a. a voltage controlled oscillator for producing a reference signal,
b. a phase detector for detecting a phase difference between the reference signal and the data signal and producing an error signal corresponding to the difference,
c. a charge pump for receiving the error signal from the phase detector and supplying to the voltage controlled oscillator a control voltage which directs the voltage controlled oscillator to produce an output signal which is closer in phase to the data signal, and
d. a divider for dividing the frequency of the reference signal by the factors.
11. The system of claim 10, wherein said factors used by said timing means correspond to the relationship between the header frequency and the data frequency of the band over which the read/write head is then positioned.
12. A system for retrieving data from magnetic storage disks recorded in a banded format, said disks being recorded in sectors, with each sector including a header and a data section, and the data section being recorded in a frequency that is proportional to the frequency of the signals recorded in the header, said system comprising:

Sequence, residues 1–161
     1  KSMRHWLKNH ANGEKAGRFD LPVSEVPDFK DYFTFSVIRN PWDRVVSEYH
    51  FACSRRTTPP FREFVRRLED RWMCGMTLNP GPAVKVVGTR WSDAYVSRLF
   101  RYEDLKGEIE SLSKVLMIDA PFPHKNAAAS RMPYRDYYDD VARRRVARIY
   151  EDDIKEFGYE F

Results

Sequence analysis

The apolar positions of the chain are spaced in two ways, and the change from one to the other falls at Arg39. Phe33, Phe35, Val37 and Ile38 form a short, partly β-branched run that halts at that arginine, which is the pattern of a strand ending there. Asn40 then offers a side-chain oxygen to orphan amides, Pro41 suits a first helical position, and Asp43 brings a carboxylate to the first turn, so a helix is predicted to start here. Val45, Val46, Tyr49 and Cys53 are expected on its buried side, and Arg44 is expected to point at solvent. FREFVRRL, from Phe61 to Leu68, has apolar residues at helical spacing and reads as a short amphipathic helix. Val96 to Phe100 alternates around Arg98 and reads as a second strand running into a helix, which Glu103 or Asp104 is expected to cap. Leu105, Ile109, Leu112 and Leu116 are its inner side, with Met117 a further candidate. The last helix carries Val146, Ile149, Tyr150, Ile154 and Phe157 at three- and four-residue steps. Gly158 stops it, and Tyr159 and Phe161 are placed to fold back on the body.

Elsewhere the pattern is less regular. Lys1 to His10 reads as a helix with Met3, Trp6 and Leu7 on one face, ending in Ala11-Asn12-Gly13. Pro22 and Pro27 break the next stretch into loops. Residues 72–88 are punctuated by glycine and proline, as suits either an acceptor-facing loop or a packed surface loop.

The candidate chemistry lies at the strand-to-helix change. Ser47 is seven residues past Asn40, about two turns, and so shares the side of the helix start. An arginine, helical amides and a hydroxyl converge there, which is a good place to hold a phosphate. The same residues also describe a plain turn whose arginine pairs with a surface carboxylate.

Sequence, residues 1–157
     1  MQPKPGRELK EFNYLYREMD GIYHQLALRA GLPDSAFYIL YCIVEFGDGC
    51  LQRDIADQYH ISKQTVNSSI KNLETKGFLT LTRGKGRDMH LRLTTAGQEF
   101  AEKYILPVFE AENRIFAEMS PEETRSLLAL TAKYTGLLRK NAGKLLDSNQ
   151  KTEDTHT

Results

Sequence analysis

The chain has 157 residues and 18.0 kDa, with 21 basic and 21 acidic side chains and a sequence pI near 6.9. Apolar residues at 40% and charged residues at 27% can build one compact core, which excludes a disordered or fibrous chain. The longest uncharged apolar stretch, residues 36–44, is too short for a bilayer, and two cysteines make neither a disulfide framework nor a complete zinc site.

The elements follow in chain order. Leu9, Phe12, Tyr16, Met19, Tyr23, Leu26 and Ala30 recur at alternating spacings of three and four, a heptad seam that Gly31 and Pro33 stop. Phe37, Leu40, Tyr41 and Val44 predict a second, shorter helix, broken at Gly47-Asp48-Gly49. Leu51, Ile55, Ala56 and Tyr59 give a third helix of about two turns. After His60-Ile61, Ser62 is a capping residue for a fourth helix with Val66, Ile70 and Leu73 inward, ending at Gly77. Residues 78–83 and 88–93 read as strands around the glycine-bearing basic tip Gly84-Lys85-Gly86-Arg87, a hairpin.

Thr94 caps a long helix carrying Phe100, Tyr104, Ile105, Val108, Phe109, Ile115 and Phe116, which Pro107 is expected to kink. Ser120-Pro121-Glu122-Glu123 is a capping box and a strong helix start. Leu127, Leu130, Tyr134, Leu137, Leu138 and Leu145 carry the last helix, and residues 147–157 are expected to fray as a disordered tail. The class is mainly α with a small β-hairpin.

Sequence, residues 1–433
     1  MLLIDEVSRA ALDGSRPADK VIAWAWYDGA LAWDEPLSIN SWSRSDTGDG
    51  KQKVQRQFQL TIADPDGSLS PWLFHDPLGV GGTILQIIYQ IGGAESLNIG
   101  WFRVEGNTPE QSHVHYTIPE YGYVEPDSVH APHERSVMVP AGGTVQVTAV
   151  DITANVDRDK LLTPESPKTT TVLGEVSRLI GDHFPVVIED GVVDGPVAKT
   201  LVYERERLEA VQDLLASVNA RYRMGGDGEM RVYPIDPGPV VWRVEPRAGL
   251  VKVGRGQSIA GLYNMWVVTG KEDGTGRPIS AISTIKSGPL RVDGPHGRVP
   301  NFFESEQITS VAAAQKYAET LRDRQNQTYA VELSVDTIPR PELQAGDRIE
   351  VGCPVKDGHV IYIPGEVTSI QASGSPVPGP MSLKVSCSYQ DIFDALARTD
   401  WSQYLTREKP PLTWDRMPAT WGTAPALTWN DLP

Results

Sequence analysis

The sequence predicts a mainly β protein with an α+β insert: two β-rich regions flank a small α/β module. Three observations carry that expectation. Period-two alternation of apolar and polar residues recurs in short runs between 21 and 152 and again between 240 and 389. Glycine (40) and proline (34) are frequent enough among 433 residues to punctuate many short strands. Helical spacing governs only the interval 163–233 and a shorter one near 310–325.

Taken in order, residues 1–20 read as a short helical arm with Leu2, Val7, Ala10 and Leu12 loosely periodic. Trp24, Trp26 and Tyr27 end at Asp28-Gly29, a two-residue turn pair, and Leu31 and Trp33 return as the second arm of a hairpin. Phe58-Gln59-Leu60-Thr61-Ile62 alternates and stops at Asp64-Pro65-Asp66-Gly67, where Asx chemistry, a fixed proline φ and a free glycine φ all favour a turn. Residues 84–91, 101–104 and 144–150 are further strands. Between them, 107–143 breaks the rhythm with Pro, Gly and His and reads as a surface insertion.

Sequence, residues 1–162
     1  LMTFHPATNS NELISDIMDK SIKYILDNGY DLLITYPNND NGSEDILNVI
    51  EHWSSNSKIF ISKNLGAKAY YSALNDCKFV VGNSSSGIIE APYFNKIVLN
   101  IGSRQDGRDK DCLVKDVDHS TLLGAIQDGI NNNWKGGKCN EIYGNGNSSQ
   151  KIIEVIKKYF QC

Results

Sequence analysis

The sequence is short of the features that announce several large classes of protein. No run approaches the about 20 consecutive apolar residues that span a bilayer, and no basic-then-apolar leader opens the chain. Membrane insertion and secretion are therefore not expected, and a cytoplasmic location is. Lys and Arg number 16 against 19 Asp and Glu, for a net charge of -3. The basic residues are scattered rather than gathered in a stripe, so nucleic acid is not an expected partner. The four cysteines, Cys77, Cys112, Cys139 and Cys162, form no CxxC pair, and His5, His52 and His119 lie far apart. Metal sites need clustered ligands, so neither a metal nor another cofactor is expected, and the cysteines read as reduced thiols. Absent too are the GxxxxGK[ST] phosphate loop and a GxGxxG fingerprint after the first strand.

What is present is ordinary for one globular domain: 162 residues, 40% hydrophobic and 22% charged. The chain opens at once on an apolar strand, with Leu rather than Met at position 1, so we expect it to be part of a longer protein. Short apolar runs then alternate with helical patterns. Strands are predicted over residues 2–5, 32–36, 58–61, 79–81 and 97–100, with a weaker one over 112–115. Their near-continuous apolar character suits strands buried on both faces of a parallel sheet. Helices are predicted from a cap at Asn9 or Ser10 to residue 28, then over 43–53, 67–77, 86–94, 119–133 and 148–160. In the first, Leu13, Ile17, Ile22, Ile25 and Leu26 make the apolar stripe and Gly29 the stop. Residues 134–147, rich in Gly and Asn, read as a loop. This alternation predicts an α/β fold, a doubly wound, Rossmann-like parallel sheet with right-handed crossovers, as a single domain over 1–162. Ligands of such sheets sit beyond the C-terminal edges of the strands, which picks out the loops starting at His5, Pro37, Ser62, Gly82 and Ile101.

A. read heads each associated with a surface of or a portion of a surface of the magnetic disks for retrieving signals from the disks;
B. a phase locked loop for producing timing signals associated with the signals, said phase locked loop comprising
1. a voltage controlled oscillator for producing a reference signal,
2. a phase detector for detecting a phase difference between the reference signal and the signals retrieved from the disk, the phase detector producing an error signal corresponding to the phase difference,
3. a charge pump for receiving the error signal from the phase detector and supplying to the voltage controlled oscillator a control voltage which directs the voltage controlled oscillator to produce an output signal which is closer in phase to the data signal, and
4. a divider for dividing the frequency of the reference signal to produce timing signals, said divider dividing-down the reference signal by factors related to:
(i) the portion of the sector over which the head is located, said divider producing header timing signals which do not vary according to the band over which the head is located, when the head is over the header section, and
(ii) if the head is over a data section, said divider producing data timing signals related to the band over which the head is located; and
c. decoding means for receiving the header timing signals and the data timing signals and demodulating the signals retrieved from the disk, the decoding means producing for the signals retrieved from the data portions of the disk corresponding binary data symbols.
13. A system for retrieving signals from a magnetic disk recorded in a banded format with radially aligned sectors having headers recorded in a header frequency and variable amounts of data arranged in fixed-size data blocks and segments of data blocks recorded in band-related frequencies, the system comprising: